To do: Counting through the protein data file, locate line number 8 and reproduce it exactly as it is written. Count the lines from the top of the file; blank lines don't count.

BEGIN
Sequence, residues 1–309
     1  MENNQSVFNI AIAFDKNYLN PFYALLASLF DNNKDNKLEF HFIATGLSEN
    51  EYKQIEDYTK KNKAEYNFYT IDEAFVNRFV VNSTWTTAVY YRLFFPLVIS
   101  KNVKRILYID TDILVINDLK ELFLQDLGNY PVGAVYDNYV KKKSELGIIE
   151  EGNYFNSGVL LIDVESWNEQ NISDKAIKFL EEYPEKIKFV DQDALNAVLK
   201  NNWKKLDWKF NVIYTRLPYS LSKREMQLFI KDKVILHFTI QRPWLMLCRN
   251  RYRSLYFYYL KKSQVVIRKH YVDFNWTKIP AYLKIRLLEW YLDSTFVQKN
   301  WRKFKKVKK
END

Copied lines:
   301  WRKFKKVKK